Home > View Post

Logging Levels and how to use them

Continuing our recent logging theme, I want to talk about the different logging levels and some guidance on how to use them. Most logging frameworks (EntLib, log4net, nlog etc) support some kind of logging level or severity, where each individual log entry is marked at a certain level such as "Warning", "Error" or "Information". Not only is this great for ranking the importance of a particular entry, it can also be used to control the amount of logging making its way through to your log repository of choice.

If you've heard me talk about this in the past then you've probably heard the volume control analogy - if there's just too much noise at the "Information" level you can always turn the volume down to "Error". Maybe you want to write all entries at "Information" volume level to your database but for anything of "Error" or above, you'd also like an e-mail. All the logging frameworks listed support this scenario.

Volume Control

log4net and nlog share the same level structure with the following entries (in ascending priority): Debug, Information, Warn, Error and Fatal. Just five to worry about and easy to provide guidance for but perhaps not as granular as their little brother... Enterprise Library is built upon System.Diagnostics (part of the .NET Framework) and therefore uses the TraceEventType enumeration which has the following values: Transfer, Resume, Suspend, Stop, Start, Verbose, Information, Warning, Error and Critical.

In a previous post 'Unit testing a logging wrapper', we talked about wrapping your logging framework du jour and looked at two reasons for doing this: portability to a different framework and simplifying the API. For these reasons, I usually create my own log level enumeration to maintain ownership of the API surface and, in the past, I've followed log4net and nlog's lead with just five logging levels*. Here's how I use them:

  • Debug
    This is the most verbose logging level (maximum volume setting). I usually consider Debug to be out-of-bounds for a production system and used it only for development and testing. I prefer to aim to get my logging levels just right so I have just enough information and endeavour to log this at the Information level or above.

  • Information
    The Information level is typically used to output information that is useful to the running and management of your system. Information would also be the level used to log Entry and Exit points in key areas of your application. However, you may choose to add more entry and exit points at Debug level for more granularity during development and testing.

  • Warning
    Warning is often used for handled 'exceptions' or other important log events. For example, if your application requires a configuration setting but has a default in case the setting is missing, then the Warning level should be used to log the missing configuration setting.

  • Error
    Error is used to log all unhandled exceptions. This is typically logged inside a catch block at the boundary of your application.

  • Fatal
    Fatal is reserved for special exceptions/conditions where it is imperative that you can quickly pick out these events. I normally wouldn't expect Fatal to be used early in an application's development. It's usually only with experience I can identify situations worthy of the FATAL moniker experience do specific events become worth of promotion to Fatal. After all, an error's an error.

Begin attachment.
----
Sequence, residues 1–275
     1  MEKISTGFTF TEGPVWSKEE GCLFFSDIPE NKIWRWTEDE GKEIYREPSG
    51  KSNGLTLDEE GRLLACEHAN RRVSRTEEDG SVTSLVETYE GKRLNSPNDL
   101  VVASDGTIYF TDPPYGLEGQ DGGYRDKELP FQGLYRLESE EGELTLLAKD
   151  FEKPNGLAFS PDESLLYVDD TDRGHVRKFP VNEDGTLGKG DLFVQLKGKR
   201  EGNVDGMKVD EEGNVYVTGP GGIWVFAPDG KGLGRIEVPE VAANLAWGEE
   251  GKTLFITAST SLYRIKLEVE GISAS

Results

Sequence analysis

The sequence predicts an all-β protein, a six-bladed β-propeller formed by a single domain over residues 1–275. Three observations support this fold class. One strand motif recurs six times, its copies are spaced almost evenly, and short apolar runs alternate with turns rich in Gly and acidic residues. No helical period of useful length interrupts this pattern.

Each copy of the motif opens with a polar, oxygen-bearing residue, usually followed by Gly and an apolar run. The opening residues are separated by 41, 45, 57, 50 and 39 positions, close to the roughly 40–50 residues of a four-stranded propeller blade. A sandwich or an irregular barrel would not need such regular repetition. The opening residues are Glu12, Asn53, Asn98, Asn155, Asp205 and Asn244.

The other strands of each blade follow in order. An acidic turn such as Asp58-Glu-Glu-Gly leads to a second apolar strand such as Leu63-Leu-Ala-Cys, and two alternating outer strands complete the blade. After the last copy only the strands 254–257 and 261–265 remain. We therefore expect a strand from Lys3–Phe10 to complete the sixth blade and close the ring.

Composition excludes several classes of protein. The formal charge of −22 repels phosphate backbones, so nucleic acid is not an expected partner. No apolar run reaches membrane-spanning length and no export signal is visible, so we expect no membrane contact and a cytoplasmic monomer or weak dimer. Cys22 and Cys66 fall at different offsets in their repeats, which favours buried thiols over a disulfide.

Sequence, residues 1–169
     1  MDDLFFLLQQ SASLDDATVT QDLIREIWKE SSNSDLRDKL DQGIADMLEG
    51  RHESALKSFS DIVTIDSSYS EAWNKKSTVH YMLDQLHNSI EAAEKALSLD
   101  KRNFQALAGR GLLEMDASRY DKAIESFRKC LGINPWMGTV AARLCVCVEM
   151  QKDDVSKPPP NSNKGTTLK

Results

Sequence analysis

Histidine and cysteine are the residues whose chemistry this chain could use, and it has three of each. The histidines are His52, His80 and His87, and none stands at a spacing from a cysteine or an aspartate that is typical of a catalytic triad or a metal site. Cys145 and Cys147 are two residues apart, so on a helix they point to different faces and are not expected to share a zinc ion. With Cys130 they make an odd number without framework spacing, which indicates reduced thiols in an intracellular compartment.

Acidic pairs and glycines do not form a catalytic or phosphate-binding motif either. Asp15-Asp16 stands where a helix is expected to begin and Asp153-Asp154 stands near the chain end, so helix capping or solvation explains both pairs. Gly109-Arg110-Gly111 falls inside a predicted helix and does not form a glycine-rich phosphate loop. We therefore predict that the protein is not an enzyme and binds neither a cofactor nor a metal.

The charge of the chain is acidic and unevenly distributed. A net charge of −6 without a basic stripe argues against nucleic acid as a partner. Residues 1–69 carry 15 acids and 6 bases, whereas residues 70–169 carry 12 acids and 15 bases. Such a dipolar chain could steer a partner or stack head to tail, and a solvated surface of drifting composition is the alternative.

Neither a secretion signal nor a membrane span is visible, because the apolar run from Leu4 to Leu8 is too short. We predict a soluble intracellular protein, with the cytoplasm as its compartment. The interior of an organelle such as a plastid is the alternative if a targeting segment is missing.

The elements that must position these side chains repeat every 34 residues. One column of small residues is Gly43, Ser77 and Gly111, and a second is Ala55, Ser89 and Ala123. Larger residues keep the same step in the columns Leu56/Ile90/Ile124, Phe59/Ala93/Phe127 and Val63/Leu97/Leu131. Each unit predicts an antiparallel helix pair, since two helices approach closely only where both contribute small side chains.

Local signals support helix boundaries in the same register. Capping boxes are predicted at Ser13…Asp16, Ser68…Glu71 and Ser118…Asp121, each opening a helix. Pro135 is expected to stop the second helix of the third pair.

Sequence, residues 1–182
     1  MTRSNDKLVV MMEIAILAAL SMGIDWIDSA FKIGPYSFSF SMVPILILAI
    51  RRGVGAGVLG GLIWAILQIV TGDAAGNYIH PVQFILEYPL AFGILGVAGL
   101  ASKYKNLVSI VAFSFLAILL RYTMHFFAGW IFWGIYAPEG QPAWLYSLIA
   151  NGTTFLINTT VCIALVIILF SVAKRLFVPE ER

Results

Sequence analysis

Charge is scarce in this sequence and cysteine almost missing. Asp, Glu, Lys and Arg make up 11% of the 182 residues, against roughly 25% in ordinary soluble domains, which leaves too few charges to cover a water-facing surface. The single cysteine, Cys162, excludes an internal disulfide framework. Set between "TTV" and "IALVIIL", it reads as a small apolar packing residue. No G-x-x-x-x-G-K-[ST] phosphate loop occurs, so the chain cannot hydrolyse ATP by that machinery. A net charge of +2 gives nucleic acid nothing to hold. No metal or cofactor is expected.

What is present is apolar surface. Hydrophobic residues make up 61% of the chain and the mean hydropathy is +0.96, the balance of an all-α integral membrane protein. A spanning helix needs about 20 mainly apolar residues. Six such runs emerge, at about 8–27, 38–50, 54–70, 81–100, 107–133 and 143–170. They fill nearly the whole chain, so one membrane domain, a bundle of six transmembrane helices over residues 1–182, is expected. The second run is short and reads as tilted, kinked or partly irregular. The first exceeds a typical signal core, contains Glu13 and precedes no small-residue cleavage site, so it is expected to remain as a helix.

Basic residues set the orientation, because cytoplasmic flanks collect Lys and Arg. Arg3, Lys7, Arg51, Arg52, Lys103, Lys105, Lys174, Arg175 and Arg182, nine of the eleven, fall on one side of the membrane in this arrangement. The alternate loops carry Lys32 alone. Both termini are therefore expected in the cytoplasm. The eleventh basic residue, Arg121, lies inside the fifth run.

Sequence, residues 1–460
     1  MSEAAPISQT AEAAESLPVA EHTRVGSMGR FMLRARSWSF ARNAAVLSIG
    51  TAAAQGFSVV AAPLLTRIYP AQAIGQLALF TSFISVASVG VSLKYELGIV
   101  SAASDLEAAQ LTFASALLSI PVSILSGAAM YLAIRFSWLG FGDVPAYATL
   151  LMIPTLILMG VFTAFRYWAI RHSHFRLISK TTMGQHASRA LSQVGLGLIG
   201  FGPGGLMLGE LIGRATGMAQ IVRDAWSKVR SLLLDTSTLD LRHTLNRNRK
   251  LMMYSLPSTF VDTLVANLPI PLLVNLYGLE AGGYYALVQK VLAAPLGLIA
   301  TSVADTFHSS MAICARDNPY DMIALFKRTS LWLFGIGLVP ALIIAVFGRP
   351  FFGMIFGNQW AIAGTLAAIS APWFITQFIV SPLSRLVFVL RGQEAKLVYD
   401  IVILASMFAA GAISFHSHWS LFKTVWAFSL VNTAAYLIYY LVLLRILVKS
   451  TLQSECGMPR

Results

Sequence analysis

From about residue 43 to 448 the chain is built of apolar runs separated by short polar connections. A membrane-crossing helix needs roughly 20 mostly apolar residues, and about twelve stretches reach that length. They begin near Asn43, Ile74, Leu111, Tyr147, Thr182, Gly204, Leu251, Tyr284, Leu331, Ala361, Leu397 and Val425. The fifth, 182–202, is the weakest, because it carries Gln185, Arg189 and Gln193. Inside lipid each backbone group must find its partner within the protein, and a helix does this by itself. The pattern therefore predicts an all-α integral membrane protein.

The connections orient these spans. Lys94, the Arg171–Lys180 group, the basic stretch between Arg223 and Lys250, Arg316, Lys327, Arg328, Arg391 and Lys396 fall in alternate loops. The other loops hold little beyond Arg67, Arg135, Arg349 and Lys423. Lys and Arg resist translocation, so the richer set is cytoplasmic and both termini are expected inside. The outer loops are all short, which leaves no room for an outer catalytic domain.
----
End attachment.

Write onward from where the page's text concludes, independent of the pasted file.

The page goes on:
So in summary, you'd mostly only use Information, Warning and Error which makes it pretty self explanatory what to do with each. Debug and Fatal are left in for outlying cases and give you some scope for movement.

* Admittedly, worrying about portability may force you into a 'lowest common denominator' corner that you really shouldn't be in. But in this case I think the simplification of the API makes it worthwhile. If this doesn't work for you then don't worry. Go ahead and use as many values as you deem fit!

Tags: Other

Josh Post By Josh Twist
12:27 AM
13 Apr 2007

» Next Post: Bankers rounding
« Previous Post: Formatting with ToString and IFormattable

Comments are closed for this post.

Posted by Neil Weber @ 19 Apr 2007 9:21 AM
Good writeup and this is pretty much what I do. As primarily a Java developer, I use log4j which also has a TRACE level. I find this extra level useful for logging real low-level information. When first looking at a problem, I'll set the logging level to DEBUG for an overview of what the code is doing. Then, when I've narrowed the problem down some, I'll turn TRACE on for the involved classes.

This extra level is helpful also when doing development. I'll run at DEBUG, but frequently there is some tedious detail that I want to log but don't want to see every day. I'll switch those messages to TRACE.

Posted by Josh @ 20 Apr 2007 8:37 AM
Thanks Neil,

I just looked at the nlog documentation and noted that it also supports an extra Trace level like log4j.

Thanks for dropping by!


Posted by Mushon @ 06 Oct 2011 8:41 AM

Posted by Laura @ 12 Nov 2011 6:01 AM
Hi! Please help! i have a text file that i can't erase LVCOKMSX.txt and have information like:

11/12/2011 5:30:26:439 CDebugLogMsg::SetLoggingLevel - Changing Log Level From 5 to 4
11/12/2011 5:30:26:844 DevExplorer.cpp-line:2238:Refresh: Failed to Setup Drive letters... Ignoring...
11/12/2011 5:30:26:907 CDebugLogMsg::SetLoggingLevel - Changing Log Level From 5 to 4
11/12/2011 5:30:26:907 CDebugLogMsg::SetLoggingLevel - Changing Log Level From 5 to 4
11/12/2011 5:31:35:754 CDebugLogMsg::SetLoggingLevel - Changing Log Level From 5 to 4
11/12/2011 5:31:37:470 EventMngr.cpp-line:1921:KSEventListMember::KSMonitor: Failed to enable KS kernel event...

Do I shlould concern?

Thanks! :)

© 2005 - 2021 Josh Twist - All Rights Reserved.